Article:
The British offshore wind power industry has taken off in recent years. The industry is trying to use shallow waters and high winds to create ideal conditions for a clean energy source, hoping to combat climate change.
Hornsea One in the UK is one of the world's biggest offshore wind farms. Giant wind turbines were built in the sea off the northeast coast of England. Next to it will soon be Hornsea Two, and analysts say that it will be even bigger.
"The power will be produced obviously by capturing the wind, so that's the great thing, it's a completely green energy source, so with no costs to generate. It's 1.4 gigawatts of power – now that's enough for 1.3 million homes," said Patrick Harnett, program director of the Hornsea Project Two.
Harnett said that the wind power has absolutely zero carbon and could land in a very environmentally friendly way.
The UK government is offering subsidies to attract investment in the sector. The government said that it targets to power all homes from wind by 2030 – upping production to 40 gigawatts. The ultimate aim is to replace dirty fossil fuels like gas to reach net zero emissions by 2050.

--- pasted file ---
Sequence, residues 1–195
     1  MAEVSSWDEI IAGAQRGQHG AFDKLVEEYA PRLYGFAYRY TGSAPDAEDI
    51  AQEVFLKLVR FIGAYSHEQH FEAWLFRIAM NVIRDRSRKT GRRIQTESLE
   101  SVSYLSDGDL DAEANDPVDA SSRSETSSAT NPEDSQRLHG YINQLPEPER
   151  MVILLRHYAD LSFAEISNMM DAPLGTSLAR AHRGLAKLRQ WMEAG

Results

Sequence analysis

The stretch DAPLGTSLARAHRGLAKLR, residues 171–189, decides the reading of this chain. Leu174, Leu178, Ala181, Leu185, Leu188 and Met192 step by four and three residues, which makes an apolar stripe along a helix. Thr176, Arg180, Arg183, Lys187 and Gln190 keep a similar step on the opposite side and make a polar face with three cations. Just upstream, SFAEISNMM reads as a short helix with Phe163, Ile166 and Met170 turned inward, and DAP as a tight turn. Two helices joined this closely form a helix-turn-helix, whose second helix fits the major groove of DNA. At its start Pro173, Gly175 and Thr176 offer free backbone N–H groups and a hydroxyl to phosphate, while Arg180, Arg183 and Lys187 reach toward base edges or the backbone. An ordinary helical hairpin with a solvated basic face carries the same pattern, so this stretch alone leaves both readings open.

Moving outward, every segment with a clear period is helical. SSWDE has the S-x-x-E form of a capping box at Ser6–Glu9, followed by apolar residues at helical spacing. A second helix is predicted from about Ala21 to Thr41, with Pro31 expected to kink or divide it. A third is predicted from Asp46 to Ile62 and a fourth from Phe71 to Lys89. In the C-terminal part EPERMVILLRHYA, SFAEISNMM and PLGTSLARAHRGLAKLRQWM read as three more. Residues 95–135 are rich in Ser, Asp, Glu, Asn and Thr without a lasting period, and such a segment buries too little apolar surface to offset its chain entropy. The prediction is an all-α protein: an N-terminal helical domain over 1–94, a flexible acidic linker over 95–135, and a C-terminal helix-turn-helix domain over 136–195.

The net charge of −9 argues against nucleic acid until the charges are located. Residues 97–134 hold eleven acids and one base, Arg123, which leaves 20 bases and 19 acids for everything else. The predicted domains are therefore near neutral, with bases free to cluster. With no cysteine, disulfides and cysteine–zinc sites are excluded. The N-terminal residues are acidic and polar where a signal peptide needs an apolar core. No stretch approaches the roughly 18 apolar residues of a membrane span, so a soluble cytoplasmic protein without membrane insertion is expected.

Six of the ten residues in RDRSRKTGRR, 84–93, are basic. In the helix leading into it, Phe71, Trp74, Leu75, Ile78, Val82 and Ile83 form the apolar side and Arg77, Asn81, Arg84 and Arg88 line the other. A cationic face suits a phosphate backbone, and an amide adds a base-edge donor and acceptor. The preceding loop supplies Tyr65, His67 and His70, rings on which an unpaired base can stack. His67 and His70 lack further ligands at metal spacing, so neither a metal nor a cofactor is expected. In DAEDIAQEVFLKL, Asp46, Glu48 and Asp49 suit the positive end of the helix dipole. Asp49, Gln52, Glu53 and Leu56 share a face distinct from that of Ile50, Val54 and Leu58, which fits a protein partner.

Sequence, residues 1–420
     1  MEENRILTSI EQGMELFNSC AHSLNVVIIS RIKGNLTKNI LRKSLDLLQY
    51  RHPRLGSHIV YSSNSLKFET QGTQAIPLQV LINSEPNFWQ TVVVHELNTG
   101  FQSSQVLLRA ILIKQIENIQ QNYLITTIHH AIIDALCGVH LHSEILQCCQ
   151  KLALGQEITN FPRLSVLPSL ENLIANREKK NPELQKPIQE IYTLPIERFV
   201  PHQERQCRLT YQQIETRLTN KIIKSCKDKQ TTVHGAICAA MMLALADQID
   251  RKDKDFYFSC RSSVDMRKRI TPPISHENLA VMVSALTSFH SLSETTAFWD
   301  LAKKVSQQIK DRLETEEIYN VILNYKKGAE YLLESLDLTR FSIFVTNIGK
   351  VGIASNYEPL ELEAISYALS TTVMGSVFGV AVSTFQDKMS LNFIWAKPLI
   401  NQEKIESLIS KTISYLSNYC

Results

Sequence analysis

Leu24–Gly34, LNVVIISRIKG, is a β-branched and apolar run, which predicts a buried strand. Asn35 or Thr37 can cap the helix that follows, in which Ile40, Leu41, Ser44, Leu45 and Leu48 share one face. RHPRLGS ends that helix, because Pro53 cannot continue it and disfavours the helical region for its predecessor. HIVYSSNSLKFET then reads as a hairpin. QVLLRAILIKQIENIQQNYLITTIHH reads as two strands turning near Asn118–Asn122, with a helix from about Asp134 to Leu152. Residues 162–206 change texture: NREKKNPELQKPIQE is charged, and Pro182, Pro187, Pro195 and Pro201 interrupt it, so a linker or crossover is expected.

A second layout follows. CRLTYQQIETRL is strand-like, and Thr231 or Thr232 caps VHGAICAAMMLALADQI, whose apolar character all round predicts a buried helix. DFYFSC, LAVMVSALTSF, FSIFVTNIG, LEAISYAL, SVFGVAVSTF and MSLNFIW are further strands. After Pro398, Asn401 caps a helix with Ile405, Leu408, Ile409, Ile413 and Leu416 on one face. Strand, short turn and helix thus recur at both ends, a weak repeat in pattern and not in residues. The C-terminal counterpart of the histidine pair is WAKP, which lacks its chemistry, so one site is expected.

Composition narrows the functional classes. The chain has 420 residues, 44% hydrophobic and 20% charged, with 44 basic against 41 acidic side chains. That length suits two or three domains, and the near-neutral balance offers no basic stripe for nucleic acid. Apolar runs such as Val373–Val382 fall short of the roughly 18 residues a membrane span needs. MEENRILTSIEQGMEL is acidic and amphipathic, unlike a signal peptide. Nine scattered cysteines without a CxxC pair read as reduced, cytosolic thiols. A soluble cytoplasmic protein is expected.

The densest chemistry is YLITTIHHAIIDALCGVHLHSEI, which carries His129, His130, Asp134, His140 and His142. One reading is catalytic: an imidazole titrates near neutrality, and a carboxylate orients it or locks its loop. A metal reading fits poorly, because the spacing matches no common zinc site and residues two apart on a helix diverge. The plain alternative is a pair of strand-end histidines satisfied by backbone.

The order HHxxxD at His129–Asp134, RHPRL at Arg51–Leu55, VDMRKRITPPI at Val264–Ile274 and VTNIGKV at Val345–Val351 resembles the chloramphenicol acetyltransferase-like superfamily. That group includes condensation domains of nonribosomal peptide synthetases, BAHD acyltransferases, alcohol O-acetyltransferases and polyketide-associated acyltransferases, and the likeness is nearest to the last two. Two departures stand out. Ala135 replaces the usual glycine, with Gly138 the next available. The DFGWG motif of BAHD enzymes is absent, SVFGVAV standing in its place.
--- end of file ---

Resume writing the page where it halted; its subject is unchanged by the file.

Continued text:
"I think a long-term, stable, clear policy has really helped the certainty for investors and also it helped to bring those prices down. And that's allowed wind to sort of start taking the share that coal and natural gas were producing," said Jess Ralston, analyst from Energy and Climate Intelligence Unit.
Wind power is now cheaper to produce, creating lower bills for consumers. There's now a greater acceptance in rural communities of turbines straddling farmland.
Although conservationists warn of risks for birds and want turbines kept away from migrating flocks, there's plenty of public support for projects like Hornsea Two which boost local economies.
Analysts said that as construction of this giant wind farm moves ahead, the government's wind power goals are getting closer.